Tuesday, May 11, 1999 Published at 08:23 GMT 09:23 UK
Tories criticise air strikes
Air strikes are continuing against Serbia
The government is coming under increasing criticism for the campaign of air strikes against Serbia.
And Shadow Foreign Secretary Michael Howard has since continued to reflect the growing unease felt by both Tory and Labour backbenchers about the conflict.
Mr Howard told the BBC on Tuesday that seven weeks into the offensive a humanitarian disaster in Kosovo had not been averted.
He said: "I am criticising the conduct of the war.
"And when, for example, it takes five weeks into the bombing before Nato's politicians ask their staffers to tell them whether an oil embargo would be legal and if so how can they can impose one - that is an astonishing state of affairs."
"It is our duty as an opposition to take up those criticisms, to examine them and to ask the government to respond to them.
"The trouble is the government wants a blank cheque. It takes any reasoned criticism as a personal affront and that simply won't do."
"What is very important is to demonstrate the resolve and the determination to complete the task, and that task will never be completed until we secure the return of the refugees under our protection.
"Nobody would want to hear that more than President Milosevic."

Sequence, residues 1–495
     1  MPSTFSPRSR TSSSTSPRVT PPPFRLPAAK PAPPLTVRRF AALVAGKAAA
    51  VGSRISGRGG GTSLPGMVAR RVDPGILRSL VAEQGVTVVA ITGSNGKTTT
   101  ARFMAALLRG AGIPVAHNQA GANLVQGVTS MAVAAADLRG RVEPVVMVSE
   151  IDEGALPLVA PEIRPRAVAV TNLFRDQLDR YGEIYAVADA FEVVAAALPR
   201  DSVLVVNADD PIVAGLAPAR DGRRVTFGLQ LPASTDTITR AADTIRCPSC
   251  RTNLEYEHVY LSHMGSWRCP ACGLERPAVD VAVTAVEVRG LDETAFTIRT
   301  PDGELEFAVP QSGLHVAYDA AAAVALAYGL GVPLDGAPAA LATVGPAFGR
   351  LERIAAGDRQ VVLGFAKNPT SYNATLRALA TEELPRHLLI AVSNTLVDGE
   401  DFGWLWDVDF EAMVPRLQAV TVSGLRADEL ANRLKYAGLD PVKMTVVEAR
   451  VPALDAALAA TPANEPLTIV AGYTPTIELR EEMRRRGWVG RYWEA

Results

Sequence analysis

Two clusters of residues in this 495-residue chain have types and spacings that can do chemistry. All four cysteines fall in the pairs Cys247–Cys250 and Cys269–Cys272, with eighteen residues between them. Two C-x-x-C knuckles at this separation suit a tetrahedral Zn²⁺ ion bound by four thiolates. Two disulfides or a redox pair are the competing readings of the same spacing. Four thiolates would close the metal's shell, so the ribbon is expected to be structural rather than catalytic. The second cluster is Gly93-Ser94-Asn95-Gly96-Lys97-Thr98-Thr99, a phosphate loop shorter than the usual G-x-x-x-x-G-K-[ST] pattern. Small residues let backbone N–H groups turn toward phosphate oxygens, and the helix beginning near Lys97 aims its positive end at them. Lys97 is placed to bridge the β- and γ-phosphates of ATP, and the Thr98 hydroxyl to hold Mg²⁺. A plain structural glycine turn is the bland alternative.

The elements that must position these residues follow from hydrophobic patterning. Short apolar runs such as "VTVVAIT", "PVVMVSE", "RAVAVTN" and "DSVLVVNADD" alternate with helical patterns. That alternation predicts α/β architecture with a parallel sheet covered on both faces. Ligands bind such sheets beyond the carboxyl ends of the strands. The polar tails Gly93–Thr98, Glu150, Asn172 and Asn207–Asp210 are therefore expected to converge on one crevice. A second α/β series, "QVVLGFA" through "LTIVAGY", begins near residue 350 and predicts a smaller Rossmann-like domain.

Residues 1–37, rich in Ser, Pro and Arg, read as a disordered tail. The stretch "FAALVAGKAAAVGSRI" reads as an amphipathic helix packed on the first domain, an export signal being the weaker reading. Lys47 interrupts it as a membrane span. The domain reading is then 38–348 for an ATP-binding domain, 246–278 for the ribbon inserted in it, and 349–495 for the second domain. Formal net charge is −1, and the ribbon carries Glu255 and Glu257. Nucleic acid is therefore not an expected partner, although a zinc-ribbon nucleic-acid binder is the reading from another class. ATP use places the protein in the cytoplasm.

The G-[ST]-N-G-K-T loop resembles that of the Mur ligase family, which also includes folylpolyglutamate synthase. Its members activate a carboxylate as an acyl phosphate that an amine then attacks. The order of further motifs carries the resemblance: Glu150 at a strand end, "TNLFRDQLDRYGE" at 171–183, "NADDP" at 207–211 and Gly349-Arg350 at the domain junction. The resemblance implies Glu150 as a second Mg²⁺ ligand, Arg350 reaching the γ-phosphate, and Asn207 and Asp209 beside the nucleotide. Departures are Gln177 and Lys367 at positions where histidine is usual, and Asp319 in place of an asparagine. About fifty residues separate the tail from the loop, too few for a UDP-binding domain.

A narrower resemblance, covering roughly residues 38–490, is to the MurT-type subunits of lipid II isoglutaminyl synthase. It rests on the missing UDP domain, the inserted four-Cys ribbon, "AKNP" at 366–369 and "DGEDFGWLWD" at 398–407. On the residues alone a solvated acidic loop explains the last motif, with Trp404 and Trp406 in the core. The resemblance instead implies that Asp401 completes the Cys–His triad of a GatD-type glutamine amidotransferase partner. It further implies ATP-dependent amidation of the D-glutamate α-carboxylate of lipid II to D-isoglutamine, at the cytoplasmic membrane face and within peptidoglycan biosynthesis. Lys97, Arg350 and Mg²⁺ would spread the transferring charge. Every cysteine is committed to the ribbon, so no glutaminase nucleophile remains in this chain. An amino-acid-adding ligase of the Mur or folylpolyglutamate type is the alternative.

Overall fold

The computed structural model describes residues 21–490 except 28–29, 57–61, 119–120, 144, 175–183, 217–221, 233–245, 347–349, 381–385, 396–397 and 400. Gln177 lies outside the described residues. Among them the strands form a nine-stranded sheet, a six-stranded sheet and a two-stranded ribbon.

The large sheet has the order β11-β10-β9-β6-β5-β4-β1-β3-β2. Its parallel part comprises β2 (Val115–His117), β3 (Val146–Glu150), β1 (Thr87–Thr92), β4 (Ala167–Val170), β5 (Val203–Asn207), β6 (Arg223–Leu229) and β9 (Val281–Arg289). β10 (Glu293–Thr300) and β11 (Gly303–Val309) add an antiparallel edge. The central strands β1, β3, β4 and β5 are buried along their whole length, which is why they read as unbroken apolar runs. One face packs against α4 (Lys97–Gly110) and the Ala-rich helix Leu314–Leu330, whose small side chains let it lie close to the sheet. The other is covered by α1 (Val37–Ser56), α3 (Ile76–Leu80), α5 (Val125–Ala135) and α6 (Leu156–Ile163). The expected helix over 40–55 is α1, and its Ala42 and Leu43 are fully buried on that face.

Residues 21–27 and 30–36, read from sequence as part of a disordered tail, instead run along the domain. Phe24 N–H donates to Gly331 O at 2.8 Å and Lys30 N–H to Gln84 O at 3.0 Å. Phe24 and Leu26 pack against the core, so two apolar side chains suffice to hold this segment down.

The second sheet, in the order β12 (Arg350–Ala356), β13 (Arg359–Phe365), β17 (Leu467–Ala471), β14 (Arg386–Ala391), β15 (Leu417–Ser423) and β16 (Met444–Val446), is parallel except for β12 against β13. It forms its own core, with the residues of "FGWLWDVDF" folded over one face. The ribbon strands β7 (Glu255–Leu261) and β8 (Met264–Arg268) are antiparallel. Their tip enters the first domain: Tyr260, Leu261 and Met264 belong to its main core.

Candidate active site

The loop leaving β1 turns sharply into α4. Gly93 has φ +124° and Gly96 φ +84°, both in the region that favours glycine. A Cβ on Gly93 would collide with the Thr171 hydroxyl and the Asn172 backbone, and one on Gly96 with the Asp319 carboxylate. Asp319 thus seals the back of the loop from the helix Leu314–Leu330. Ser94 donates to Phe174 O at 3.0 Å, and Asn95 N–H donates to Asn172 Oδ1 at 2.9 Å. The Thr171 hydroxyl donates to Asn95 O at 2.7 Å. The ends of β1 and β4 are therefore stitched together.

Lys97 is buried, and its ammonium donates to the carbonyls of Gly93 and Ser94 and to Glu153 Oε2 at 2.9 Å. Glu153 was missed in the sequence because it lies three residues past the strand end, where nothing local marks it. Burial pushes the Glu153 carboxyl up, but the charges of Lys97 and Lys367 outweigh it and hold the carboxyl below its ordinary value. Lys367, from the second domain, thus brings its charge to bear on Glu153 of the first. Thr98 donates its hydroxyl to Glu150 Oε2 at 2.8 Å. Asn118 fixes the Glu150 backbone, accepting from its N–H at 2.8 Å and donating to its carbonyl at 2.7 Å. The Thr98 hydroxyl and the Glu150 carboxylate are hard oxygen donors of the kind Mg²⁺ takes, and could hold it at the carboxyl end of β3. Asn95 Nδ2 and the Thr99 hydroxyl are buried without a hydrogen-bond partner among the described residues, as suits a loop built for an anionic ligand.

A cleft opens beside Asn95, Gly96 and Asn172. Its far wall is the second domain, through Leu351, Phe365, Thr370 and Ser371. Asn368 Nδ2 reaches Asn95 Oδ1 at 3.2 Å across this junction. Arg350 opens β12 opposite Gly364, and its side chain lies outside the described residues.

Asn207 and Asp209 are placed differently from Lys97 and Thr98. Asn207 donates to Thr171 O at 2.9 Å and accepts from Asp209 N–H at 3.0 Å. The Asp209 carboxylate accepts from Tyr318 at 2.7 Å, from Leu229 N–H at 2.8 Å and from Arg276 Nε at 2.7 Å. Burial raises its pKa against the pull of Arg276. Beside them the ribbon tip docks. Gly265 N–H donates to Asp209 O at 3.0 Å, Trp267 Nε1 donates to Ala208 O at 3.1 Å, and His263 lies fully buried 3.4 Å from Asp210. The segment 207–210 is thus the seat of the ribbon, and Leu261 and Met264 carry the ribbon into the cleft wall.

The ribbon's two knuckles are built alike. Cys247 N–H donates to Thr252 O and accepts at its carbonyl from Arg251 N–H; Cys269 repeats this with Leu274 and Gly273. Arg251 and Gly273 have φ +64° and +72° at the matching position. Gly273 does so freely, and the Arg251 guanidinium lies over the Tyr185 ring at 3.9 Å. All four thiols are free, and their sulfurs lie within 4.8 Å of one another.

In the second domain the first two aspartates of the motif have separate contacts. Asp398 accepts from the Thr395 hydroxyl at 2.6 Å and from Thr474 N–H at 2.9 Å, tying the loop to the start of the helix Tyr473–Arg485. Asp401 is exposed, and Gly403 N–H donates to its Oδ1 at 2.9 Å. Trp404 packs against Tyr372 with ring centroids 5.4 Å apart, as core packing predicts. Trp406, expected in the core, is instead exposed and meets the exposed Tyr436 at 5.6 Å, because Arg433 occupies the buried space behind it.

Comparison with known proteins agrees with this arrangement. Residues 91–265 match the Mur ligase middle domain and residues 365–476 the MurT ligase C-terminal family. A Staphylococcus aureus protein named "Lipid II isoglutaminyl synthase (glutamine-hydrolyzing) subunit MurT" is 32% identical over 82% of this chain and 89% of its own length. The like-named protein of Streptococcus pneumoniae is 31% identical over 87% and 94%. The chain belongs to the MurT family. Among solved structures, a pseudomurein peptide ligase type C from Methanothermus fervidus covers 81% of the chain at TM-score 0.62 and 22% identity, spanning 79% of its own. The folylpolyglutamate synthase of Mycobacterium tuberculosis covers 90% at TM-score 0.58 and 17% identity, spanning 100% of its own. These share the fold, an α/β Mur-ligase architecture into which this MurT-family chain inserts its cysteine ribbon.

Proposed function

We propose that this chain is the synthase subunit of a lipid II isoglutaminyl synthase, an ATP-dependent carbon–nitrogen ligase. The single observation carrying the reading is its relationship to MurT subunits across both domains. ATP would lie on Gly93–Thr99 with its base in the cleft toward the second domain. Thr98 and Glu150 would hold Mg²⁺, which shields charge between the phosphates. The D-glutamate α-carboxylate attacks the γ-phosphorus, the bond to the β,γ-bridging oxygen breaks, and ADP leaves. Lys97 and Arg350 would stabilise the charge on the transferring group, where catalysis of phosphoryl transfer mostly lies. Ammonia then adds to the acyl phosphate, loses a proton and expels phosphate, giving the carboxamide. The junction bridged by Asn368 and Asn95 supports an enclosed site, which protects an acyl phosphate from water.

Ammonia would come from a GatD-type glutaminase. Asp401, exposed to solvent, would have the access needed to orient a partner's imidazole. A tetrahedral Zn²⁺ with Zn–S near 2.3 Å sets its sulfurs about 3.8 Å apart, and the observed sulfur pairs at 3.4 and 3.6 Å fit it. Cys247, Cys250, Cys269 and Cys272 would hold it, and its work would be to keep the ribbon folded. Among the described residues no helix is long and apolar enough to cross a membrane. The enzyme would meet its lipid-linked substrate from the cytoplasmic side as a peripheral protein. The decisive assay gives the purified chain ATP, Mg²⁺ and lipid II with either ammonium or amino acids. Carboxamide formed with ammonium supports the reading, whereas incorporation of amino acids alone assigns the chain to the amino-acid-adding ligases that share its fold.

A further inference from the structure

Mr Cook said the Prime Minister, Tony Blair, had written to his Chinese counterpart to apologise for the bombing of the embassy in Belgrade.
The foreign secretary said: "There's no disguising that the destruction of the Chinese embassy was a tragic error and Nato has expressed deep regret and Prime Minister Tony Blair has sent our sincere condolences to the Chinese government of the Chinese people for what happened.
"But we have to be honest about this, there has never been a war without mistakes. To insist there should be a war without mistakes is an impossible demand to make."
Air strikes have continued despite Yugoslavia announcing a partial withdrawal of forces from Kosovo.
Mr Cook said: "I would like to see a settlement now, I would like to see a diplomatic solution.
"But I can tell the best way of assuring that we can't get that solution is for us now to ease the pressure on President Milosevic.
"If you want a diplomatic settlement then we must keep up also the military pressure, it's the only basis on which President Milosevic will recognise the need to allow the refugees back and international protection."
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